Monday, 21 November 2011

Becoming an Activist

On the weekend I joined a couple hundred people and marched the streets in protest of Shale Gas, an industry which I believe will bring New Brunswick very little economic gain at a much higher cost to our quality of life, our communities, and our environment.

On the residential streets people inside houses would look out at us from behind curtains, interested in the collective action, drawn to the noise and chanting.  Outside, pedestrians would stop and watch us pass. I wondered at the line, imaginary and profound, between me, marching and chanting, actively trying to change the direction of government policy, and those who stood and watched.  Where does that line begin and end?
Certainly two years ago, ten years ago, I would be one of the bystanders.  So what has changed?

It might have something to do with experiencing first-hand the failure of bureaucratic systems.  For example, the informal administrative policies at the University I used to work for no longer valued me as an employee when I returned to work after a maternity leave, and instead promoted in small and large ways the man hired to replace me.  For years after I had to watch as he benefited from a framework that sidelined me. 
Some of the people in the houses, and on the sidewalks who stand and watch us pass, would like to join us.  Some are afraid of displeasing others, of how they will be judged. The vast majority though, likely think it has nothing to do with them; they are not aware of how often and how massively the systems in place are failing: they haven’t been sick, so haven't experience the healthcare mess; they are men or childless women, so haven’t experienced workplace sexism; they don't know about lax government policies such as those that have allowed the use chemicals like bisphenal- A to line the cans of tomatoes, causing infertility and other health problems (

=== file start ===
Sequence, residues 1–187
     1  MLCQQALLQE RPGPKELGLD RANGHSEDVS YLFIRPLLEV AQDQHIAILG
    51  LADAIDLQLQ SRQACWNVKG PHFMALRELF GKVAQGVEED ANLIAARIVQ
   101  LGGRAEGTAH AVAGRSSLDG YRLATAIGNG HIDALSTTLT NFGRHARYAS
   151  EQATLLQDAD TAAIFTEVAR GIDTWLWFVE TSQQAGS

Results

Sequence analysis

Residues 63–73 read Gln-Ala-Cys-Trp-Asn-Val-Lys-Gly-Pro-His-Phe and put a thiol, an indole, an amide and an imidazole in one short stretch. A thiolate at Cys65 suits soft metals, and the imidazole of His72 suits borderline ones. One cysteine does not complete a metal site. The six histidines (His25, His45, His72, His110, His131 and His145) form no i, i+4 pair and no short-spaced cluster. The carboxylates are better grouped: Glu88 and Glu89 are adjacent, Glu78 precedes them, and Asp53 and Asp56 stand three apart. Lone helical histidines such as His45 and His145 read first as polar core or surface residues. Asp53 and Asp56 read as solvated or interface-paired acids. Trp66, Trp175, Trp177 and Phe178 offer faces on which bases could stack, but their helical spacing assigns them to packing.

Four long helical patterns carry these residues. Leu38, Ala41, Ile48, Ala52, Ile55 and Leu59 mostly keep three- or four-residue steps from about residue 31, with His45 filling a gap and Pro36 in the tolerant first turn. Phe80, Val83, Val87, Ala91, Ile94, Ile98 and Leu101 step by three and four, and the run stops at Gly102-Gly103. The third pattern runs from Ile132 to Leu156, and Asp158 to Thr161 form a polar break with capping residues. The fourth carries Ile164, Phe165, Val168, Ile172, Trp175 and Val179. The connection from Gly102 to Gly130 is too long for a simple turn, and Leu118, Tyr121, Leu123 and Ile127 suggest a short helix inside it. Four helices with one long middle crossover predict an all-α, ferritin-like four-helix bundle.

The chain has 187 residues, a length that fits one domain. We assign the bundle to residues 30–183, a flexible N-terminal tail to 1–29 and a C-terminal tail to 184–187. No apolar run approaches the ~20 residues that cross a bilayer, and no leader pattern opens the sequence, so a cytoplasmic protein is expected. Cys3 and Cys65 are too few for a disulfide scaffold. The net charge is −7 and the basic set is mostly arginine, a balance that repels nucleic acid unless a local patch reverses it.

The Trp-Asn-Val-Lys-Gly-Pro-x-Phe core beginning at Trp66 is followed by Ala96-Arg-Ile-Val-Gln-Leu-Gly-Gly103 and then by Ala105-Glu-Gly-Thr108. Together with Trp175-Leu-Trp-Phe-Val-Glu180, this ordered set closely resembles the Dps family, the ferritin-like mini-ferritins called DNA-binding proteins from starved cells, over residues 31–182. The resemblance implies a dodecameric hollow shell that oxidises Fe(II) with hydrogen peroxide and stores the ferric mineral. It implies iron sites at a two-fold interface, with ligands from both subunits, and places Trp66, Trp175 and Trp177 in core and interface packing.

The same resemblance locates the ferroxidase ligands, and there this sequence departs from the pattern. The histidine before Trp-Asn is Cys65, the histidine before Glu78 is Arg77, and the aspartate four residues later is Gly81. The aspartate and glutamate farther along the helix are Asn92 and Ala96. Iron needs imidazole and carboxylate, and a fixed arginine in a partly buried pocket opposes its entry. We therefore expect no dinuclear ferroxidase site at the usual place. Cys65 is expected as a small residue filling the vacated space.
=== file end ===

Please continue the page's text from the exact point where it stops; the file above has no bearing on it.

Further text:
Change will need a collective action by those who are already marching and those who currently stand by.  Though they are, or think they are being served by the status quo, it is becoming increasingly apparent to the population at large that many of the assumptions they live with are untrue, that many policies support industry before people, govenment before citizens, that current systems are not only unequal but self-serving. And this needs to change.

In the end a system that promotes one employee at the expense of another, or a system that favours the oil and gas company at the expense of the citizen, his/her water, and landscape, as current government policies do – is a system that leaves us all poorer.

I believe this article is relevant to the discussion here:

Thursday, 17 November 2011

Sanctuary for Imaginative Play

As I hang curtains suspended from door way to door way to block my writing space off from the rest of the room I am struck by how well into my adulthood I am still creating forts for myself.  My after school children will quite often decide to have their lunch or snack under the kitchen table, creating a make believe circus or jungle or something equally imaginative while they eat. So, I know this urge to make a temporary make-believe cover is inherent, yet the shelter is not intended to keep out rain, or wind – my curtains are quite sheer, so the effect isn’t even to keep out prying eyes.  But the drapes do provide a sense of refuge and privacy, a sanctuary for imaginative play.

How often do we ignore the need for such a space?  Classrooms are not generally equipped to foster forts.  Once outside though children naturally congregate in small groups inside the ring of rocks, under the trees overhang, beside the giant tree trunk, and even under the manmade play structure.  As human beings we crave that sense of sanctuary – our space to be imaginative.
And when we grow older we are loathe to leave our houses – our asylum from the world, where we have spent a lifetime creating a refuge from reality.  It is no wonder seniors carted off to hospitals where nurses and doctors come in and out at all hours, where bathrooms are shared, where people cannot maintain a shield to protect them, it is no wonder they die in droves.  Where is the refuge for the old and ill and frail?  Because the need to take imaginative shelter is in each of us.

Thursday, 10 November 2011

Doing All Right

Okay.  I didn't take the paper route.  When you are heading towards something that is right for you, that you are passionate about, you will drive three hours to hear a friend sing a song you wrote and then arrive home long after midnight. You will hop on a bus for one or two days, live in a tent, take cold showers for two weeks.  You will move any obstacle, find any solution you need.